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A Child's Perspective

      Children Prefer Nature!

By Ron King, President, The Natural Playgrounds Company®

For those of you wondering how children want to play, read on.

A new survey released in early August 2006 by the Children's Play Council found that 82% of children "would rather play in natural spaces such as gardens, parks and local fields instead of places like streets or car parks.

"It also found that 86 per cent of children prefer outdoor activities, including playing out with their friends, building dens and getting muddy, to playing computer games."

And nearly three in four children (72 per cent) would like to play outside more often.

"What children are telling us is that they want more opportunities to play out, in stimulating natural spaces where they can have fun, be with their friends and use their imagination,' said Adrian Voce, director of the Children's Play Council, which coordinates Playday in partnership with Playboard Northern Ireland, Play Scotland and Play Wales. 'It is vital for both national and local governments to take this message on board if they are to meet the play needs of today's children and young people.

"Parents also have an important role in making sure that their children can get out and play in natural environments."

In its own internal survey of over 4,000 children, The Natural Playgrounds Company® is finding the same thing. Kids want more experience with nature and using their imagination, and less exposure to rigid, manufactured playground environments.

Parents, care-givers, playground committees, and others: Get the Ten Top Tips that help children have more chances to play naturally (further details may be found at PlayDay.org)

Play, Naturally: Ten Top Tips (from PlayDay.org)
  1. Ask yourself, how can your children have the same exciting opportunities as you used to have, to play naturally?
    • Remember your own childhood memories of playing in natural places: damming, running, climbing, digging, building, splashing, dreaming, chatting and watching are just some of the great natural play memories adults have.
  2. Allow children the time and space to discover natural play opportunities for themselves.
    • Natural spaces are the ultimate play environments and children instinctively seek out and discover ways in which to interact with and use nature. Children who have direct, playful experiences of nature are most likely to develop caring attitudes and behaviors in later life.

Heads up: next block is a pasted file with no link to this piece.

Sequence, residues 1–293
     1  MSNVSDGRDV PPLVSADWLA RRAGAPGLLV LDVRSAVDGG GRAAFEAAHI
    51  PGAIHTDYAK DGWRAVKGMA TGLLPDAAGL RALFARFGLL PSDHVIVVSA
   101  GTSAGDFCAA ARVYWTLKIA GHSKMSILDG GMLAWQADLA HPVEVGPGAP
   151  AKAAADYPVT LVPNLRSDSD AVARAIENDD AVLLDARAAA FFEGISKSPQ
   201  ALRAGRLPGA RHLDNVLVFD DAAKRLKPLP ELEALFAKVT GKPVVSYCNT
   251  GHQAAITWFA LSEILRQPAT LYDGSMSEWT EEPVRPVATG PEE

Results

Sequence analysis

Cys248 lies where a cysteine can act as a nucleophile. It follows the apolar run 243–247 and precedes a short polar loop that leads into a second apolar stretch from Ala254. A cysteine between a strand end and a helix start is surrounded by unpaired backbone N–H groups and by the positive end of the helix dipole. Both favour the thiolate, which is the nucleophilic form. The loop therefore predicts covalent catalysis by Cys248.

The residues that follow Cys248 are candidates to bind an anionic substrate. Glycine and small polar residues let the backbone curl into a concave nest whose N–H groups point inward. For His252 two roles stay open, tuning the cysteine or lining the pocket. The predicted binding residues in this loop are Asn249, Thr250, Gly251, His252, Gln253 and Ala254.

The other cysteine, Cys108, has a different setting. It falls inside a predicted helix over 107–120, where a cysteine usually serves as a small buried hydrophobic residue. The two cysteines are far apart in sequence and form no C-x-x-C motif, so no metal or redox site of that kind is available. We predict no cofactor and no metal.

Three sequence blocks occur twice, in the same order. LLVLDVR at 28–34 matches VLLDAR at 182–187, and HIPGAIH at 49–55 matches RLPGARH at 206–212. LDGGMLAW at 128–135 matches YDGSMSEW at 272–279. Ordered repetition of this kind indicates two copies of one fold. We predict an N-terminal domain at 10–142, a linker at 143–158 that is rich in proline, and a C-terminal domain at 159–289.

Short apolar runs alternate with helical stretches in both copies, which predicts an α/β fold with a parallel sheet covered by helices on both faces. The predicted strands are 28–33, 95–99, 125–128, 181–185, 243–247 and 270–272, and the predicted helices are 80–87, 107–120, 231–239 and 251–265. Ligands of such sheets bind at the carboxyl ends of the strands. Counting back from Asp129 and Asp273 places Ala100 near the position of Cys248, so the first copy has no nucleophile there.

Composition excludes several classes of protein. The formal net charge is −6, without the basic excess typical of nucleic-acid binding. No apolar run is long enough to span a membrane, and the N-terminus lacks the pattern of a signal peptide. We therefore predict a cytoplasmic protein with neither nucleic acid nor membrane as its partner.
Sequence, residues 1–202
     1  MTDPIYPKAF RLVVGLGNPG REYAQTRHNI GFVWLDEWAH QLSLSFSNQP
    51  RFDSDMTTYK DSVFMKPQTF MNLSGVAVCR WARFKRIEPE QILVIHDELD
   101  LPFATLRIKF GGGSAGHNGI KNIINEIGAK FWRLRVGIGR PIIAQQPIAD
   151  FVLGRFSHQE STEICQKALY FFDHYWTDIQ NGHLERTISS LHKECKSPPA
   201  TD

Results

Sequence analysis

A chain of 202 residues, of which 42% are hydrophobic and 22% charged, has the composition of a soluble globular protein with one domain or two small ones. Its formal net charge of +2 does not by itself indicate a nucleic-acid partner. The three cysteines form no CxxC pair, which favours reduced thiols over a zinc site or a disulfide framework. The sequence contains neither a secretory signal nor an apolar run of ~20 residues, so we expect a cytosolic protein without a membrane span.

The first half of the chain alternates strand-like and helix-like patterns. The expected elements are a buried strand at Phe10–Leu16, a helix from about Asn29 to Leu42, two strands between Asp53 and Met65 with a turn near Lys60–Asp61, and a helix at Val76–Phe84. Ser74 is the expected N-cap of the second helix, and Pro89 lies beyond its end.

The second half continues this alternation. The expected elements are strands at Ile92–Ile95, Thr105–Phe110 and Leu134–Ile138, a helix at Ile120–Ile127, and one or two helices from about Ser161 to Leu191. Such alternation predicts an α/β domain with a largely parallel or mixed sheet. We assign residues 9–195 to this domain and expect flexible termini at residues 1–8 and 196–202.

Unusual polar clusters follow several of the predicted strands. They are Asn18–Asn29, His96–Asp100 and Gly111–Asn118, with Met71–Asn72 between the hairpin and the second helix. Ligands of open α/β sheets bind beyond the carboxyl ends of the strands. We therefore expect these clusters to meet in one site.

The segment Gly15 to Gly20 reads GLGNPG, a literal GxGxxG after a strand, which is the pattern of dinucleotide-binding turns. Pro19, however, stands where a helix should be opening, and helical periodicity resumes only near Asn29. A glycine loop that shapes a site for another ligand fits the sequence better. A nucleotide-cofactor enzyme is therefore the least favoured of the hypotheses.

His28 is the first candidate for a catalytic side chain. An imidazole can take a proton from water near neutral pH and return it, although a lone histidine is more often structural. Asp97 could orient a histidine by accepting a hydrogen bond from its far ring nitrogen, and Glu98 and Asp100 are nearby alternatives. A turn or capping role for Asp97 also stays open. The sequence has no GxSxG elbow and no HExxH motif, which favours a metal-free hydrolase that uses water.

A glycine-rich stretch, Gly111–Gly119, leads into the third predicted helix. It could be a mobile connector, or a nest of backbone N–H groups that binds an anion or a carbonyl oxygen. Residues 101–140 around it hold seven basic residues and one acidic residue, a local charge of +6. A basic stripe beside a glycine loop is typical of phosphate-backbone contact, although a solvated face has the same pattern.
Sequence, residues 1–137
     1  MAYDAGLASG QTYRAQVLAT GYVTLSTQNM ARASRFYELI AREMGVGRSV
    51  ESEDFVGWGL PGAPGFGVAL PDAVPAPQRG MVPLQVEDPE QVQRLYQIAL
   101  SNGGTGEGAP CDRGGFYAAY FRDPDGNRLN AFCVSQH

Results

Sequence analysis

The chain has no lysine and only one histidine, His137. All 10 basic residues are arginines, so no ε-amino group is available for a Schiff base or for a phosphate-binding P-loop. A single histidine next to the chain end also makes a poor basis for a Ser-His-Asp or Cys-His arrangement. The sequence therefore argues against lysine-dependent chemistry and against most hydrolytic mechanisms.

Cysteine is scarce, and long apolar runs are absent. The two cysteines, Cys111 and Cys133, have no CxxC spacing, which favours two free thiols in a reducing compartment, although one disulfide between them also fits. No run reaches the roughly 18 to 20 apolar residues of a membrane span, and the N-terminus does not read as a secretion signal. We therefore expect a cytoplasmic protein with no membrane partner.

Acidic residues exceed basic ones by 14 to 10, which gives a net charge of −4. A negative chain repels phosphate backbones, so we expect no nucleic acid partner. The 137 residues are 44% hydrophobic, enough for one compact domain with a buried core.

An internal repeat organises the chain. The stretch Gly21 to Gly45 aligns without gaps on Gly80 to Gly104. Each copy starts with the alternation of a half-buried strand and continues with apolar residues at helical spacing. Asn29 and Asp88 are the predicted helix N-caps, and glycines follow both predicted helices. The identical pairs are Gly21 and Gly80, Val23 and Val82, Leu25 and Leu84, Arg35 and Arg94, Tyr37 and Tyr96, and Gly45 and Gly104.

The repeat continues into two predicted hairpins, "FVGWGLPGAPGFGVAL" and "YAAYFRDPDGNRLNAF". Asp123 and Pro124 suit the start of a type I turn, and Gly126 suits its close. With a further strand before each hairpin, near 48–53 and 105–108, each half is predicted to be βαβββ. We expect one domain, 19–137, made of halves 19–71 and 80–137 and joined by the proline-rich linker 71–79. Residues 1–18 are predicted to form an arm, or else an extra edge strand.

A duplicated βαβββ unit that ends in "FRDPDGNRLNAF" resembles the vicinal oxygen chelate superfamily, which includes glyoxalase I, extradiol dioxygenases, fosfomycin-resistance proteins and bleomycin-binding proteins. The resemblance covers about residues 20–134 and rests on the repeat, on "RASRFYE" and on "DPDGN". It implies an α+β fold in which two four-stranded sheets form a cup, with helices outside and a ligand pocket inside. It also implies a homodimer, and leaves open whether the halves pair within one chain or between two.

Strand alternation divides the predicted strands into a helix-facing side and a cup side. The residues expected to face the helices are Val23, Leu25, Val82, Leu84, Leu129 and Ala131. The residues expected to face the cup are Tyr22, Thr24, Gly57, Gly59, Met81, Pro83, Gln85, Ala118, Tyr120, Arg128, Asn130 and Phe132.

3. Find out where the nearest natural spaces are to you.
    • Children need everyday nature. This includes free access to parks, gardens, city farms, village greens, hedgerows and rough ground within easy reach of their homes, as well as visits to woodlands, beaches and open grassland further afield.
  4. Provide old clothes and outdoor gear.
    • This will help children play naturally in all weathers. Getting muddy, wet or sweaty and coming home with snagged or grass stained clothing is just part of playing outdoors. Opportunities to play with nature, through climbing trees, exploring the world of animals, building dens or making mud pies, are fun and help children to cultivate an awareness of and respect for nature.
  5. Encourage children to play out and inspire them with the magic of natural spaces.
    • Sensitive adults can support and enthuse children by sharing the sense of wonder of the natural world and jointly uncovering its mysteries and surprises. Stories, costumes, treasure trails and quests can gently kindle the flames of children's imaginations when playing in natural settings. Outdoor natural spaces allow children to be spontaneous and create and explore their own imaginary worlds.
  6. Help children take risks in play, like climbing trees.
    • Children need and want to take risks through play. Playing in natural settings allows children to find ways of challenging themselves and taking risks that fit them as individuals. Be open and transparent about what is involved in natural play activities so that children playing outdoors can experience the fun and excitement of stretching and testing themselves.
  7. Find your nearest adventure playground.
    • If parents and children prefer to play with adults around, adventure playgrounds usually have some natural areas. In some areas there may be playworkers or park keepers who encourage children to play in natural spaces. Ask you local park experts what supervised play opportunities are provided locally.
  8. Look out for opportunities for free natural supplies.
    • Children love to move things around and rearrange their play spaces. Natural resources, like tree and hedge trimmings make great den-building materials. Good play spaces can be made by adding natural elements into children's outdoor playgrounds, such as trees and plants, earth, rocks, logs, water and natural moveable objects.
  9. Stick up for children's right to play naturally outdoors.
    • Children need advocates who can help them find natural places to play. Encourage children to play naturally in your area, call on your local authority to provide accessible wild spaces for children to play in, and support your local play centre to run environmental play sessions in outdoor settings.
  10. Experience it yourself!
    • The best way for adults to prepare and plan for successful natural play is to experience it! Think about natural play activities you would like today's children doing, and then have a go for yourself.

Written with support from Martin Maudsley, Wild About Play, Playwork Partnerships.


Please contact The Natural Playgrounds Company® to discuss your thoughts and plans. We welcome your inquiries and will get back in touch with you promptly.
Thank you for spending some time with us today.

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Click HERE to go there now!)